Once day I came home from school and I asked my great -uncle (her son) how she was. He just shook his head and said not good. He didn’t have much else to say. Really before I even asked I saw the look of a great sadness in his eyes. I looked over at her and she just moaned in pain. I tried to talk to her and she tried but it was difficult for her. She couldn’t even open her eyes. She just said Tisha hi. I hurried back into my room and broke down. I knew deep in my heart that it wouldn’t be a good ending. The same day my great-great-aunt (her sister) arrived with my two sisters who she was raising. I was happy to see them but not under the circumstances. There was a darkness that surrounded the house. It was as if everyone knew what was going to happen but no one wanted to say it. I sat in the living room with everyone and sat and talked to each other but more to her. I went back and forth between the living room and my bedroom where my sisters were. I cried and cried. She said don’t cry please don’t cry. I said ‘oh grandma’. I told her that I was sorry for not being a better child. I told her that I loved her and that she was my mother. I tried to hold back my tears but I held her hand and said she’ll be all right. I went back and took a seat in a chair. My aunt told me that it was getting late and that I should probably go to bed. I didn’t want to but she was right. I went to bed that night with such a heavy heart. I woke up later that night it must have been around 11:00 pm to Midnight. I walked down the hallway to check on my grandmother. By then her other sister arrived. I looked over and asked them why did they cover her up like that. They said Tisha. I said ‘no no no no no’ and began to cry. One of my aunts yelled for my baby sister to come console me. I didn’t understand how this could happen to such a wonderful lady. I cried myself to sleep that night.
The next day I was told to go to school. I didn’t want to but sitting home was painful as well. I was conflicted. I wanted to be there. When I arrived at school all of my cousins and friends gave me so much love and support. I loved all of them but no matter how many hugs I got it couldn’t fix my heart. I tried to focus on my classes but I couldn’t. I wrote down the homework assignments and put them in the backpack for later. I wasn’t listening to any of the teachers. I don’t remember much about that day. I emotionally checked out I was unavailable. When I got home I helped make phone calls to people informing them of my grandmother’s death. Each time I told someone that she passed away it was equivalent to having ten knives plunged into my body simultaneously. It was as if I was reliving the night she passed away all over again.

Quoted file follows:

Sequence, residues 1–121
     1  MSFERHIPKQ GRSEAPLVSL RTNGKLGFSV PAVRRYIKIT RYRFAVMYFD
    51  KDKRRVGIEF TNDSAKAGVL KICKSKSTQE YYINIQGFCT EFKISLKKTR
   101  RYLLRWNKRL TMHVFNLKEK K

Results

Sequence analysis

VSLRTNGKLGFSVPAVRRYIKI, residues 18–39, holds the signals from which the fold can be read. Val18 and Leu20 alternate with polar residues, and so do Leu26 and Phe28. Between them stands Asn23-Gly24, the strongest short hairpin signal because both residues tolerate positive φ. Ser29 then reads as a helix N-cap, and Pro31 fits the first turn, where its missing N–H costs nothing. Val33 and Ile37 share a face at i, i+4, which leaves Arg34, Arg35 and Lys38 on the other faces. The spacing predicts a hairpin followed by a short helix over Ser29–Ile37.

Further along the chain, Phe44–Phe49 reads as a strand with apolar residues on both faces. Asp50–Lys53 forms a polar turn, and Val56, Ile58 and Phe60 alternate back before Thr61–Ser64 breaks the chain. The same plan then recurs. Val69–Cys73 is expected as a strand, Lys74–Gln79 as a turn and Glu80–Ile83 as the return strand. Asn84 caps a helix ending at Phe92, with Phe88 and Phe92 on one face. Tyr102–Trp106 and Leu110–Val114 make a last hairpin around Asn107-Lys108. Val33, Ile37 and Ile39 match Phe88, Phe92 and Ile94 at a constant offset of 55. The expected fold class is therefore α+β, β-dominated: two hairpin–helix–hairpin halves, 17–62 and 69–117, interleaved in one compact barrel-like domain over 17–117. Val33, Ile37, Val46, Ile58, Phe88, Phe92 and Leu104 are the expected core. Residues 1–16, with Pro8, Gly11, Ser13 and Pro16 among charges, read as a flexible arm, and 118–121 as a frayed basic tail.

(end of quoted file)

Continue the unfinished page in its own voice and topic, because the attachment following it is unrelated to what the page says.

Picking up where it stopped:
The day of the funeral I was calm. I wanted to cry but I thought I held up pretty well. I couldn’t tell you how I got to the church. I don’t remember whether I was in the limo or with my father. Prior to getting to the church I don’t remember much. I do remember people lining up for the funeral and thinking wow she was loved. I don’t remember entering the church. I do remember seeing some people come in and sit down. I remember when the last viewing occurred at the end of the funeral. They went to close the casket and I lost it. I screamed and begged my family not to let them close it. They held me close. I couldn’t take it.
The months after her death were extremely painful. Somedays I came in from school and expected to see her. When I realized she wasn’t coming back I went into my room and cried. I felt guilty. I felt guilty for being in her home while she was in the ground. I felt guilty for being alive. I felt guilty for not being as obedient as I should have been at times. I didn’t know what to do or to think. I didn’t want to talk about it and bottling it up inside was a costly mistake. In 1998 I lost the woman who raised me. She was my mother. She was there when I was sick, happy, sad, and mad. She was there in my brightest and darkest moments. I couldn’t cope. I refused to get help. I thought that if I cried enough I would be just fine. I refused to deal with my grief or acknowledge it. In 2001 I would have to deal with the most unimaginable grief possible to me.